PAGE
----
It’s only a couple of weeks since StimGuard LLC, told us it had gained the FDA’s nod for it to commence an IDE study that would presage market approval. Now the company is pouring some more fuel on its own fire by pointing us at positive results for long-term patient use of its wireless micro-technology injectable tibial stimulator for the relief of overactive bladder (OAB).
Neuromodulation has been used for the treatment of OAB since 1997 with expensive systems and numerous large implanted parts and batteries. At the present time, patients have had to make office visits routinely or undergo a surgery in the OR to utilize neuromodulation for relief of their OAB symptoms.
In contrast, the StimGuard system, developed by scientists and engineers led by co-inventor and StimGuard Chairman Laura Tyler Perryman, uses a tiny injectable microchip device placed through a small needle that delivers small pulses of energy to electrodes near surrounding nerves, triggering a reaction that enables the brain to remap specific urge signals. The novel tibial placement procedure requires just one component, implanted non-surgically by using only a needle and without the need for imaging equipment. This treatment offers a minimally-invasive, outpatient office procedure resulting in a lower cost and a patient option that is widely accepted since it is similar to acupuncture, but permanent.
The newly touted clinical findings relate to two implantations which took place last year in Zurich, Switzerland by leading urology pioneer Karl-Dietrich Sievert, M.D., chairman of Urology at the University of Salzburg. Albeit only two patients, outcomes show ongoing reduction of voiding episodes and more than 80 percent relief with a therapy that is administered only at night.
These preliminary signs could be the precursor of life-changing treatment for the more than 200 million people worldwide that are afflicted with incontinence. The company plans to complete regulatory studies for CE Mark in 2015 and to seek FDA approval in 2016.
“The therapy is utilized for just eight hours a day, so it can be conveniently administered using only a sock worn during the evening or overnight,” said industry veteran and StimGuard Director James McGivern. “Chronic tibial stimulation affects multiple afferent paths to the micturition centers, possibly better serving patients than classic sacral neurostimulation over the long term.”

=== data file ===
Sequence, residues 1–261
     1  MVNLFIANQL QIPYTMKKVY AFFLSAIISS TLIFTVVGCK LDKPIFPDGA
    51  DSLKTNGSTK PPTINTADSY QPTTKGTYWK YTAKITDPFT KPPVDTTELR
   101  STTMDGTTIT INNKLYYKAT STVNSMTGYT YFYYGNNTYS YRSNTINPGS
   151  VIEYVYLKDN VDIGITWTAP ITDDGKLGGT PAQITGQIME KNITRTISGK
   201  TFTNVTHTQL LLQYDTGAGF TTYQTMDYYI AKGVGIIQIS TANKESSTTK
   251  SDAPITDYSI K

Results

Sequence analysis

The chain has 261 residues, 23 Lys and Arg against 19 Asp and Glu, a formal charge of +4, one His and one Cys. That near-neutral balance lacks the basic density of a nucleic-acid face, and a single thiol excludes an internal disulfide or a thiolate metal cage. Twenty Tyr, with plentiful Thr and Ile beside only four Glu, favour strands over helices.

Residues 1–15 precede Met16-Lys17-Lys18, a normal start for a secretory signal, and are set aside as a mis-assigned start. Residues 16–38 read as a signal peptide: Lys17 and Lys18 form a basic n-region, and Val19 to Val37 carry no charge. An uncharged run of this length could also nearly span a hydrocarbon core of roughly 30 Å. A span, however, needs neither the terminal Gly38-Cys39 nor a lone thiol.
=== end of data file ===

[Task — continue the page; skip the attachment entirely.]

Dr. Sievert conducted the procedures live at the 2014 Swiss Continence Foundation Conference in Zurich last August. “I am pleased to report that our two patients who presented with OAB and a variety of other medical complications had long term positive outcomes and a reduction in incontinence episodes of greater than 80 percent on average, positively affecting their quality of life,” said Sievert. “The procedure was simple to perform, and I look forward to treating many patients with this novel therapy, which can be administered in a less costly way than other neuromodulation options.”
“I am extremely excited about this new technology developed by StimGuard. Now people with overactive bladder will have additional options, including the ability to receive a permanent implant with a far less invasive and complicated surgery in an office setting,” said Chris Winters, M.D., chairman of the Department of Urology, Louisiana State University. “The StimGuard Tibial System is well positioned to revolutionize the urology industry with an interventional method that most urologists will be able to easily integrate into their practices.”
Source: Business Wire